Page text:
While the details come from Hearst, Kane’s deeper emotional truths all sound like Trump, particularly in the sequence narrated by Kane’s old friend Jed Leland (Joseph Cotton), who chronicles Kane’s failed political career and the destruction of his first marriage. Although early sequences in Citizen Kane feature characters labeling Kane a “Communist” and a “fascist” — a deliberate contradiction designed to show how the different characters in the film have different perspectives of the title character and his vague politics — Leland’s portion of the film suggest Kane was actually a populist, leveraging working-class resentment for his own political gain. In his big campaign speech, he even calls for the prosecution of his political enemies.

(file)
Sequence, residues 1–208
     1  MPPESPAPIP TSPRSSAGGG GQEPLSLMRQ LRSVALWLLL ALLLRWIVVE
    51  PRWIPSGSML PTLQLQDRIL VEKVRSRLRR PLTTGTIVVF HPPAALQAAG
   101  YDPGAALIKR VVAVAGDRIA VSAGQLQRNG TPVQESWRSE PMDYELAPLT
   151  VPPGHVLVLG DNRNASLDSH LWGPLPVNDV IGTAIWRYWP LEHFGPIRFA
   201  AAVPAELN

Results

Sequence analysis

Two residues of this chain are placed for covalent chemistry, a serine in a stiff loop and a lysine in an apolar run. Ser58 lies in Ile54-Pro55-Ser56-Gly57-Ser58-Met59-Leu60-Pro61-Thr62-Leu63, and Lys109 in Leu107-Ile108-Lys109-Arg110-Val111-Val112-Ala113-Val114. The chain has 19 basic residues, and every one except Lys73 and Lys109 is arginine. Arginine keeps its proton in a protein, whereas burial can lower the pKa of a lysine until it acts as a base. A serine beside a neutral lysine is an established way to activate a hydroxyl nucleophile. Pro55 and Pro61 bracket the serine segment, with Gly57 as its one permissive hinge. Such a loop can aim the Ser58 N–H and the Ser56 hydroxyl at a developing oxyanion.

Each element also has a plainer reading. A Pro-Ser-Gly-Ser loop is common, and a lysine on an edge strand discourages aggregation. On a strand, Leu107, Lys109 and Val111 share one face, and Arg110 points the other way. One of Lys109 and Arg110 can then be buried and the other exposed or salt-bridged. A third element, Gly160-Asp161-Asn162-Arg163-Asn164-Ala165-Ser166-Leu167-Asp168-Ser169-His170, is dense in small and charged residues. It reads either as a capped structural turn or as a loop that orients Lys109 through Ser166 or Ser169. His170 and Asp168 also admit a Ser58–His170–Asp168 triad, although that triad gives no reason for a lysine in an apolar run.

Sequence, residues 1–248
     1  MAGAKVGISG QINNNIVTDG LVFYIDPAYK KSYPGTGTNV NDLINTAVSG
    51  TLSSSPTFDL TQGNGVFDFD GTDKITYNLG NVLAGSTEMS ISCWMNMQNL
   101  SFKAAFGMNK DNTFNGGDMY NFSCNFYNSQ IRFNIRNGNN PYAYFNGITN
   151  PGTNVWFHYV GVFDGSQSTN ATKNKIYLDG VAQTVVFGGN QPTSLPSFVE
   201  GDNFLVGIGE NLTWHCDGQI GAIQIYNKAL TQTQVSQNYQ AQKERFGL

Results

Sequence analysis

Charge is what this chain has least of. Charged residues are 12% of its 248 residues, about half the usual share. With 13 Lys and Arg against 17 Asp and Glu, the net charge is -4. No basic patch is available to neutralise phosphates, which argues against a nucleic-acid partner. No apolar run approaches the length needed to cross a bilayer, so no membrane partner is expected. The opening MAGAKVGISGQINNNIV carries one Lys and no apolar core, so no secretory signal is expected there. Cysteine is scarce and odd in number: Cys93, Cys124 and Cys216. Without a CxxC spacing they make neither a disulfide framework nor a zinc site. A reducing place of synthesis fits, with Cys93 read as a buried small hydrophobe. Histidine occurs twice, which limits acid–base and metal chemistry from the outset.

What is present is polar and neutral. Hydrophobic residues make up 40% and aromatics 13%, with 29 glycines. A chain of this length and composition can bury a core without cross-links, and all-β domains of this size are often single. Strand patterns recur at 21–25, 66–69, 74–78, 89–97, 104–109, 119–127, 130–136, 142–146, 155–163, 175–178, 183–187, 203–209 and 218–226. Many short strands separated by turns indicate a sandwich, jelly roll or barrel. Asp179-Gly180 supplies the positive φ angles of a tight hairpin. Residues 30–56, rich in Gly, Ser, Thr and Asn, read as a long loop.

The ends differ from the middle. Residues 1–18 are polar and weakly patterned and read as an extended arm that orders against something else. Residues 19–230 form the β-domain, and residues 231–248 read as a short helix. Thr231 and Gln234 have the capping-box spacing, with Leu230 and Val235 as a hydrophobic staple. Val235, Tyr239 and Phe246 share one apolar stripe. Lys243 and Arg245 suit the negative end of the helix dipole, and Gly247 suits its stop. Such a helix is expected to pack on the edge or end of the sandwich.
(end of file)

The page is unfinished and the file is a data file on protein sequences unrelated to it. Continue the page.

Kane’s run for the governorship gets derailed by the revelation of an affair with a singer named Susan Alexander (Dorothy Comingore). Faced with a humiliating loss after victory seemed all but assured, Kane’s newspaper publishes a report claiming “FRAUD AT POLLS!” rather than conceding defeat:


In the sequences that bookend these flashbacks, Leland offers some compelling insights into Kane’s psychology. Kane, he says...

...had a generous mind, I don’t suppose anybody ever had so many opinions. But he never believed in anything except Charlie Kane. He never had a conviction except Charlie Kane in his life.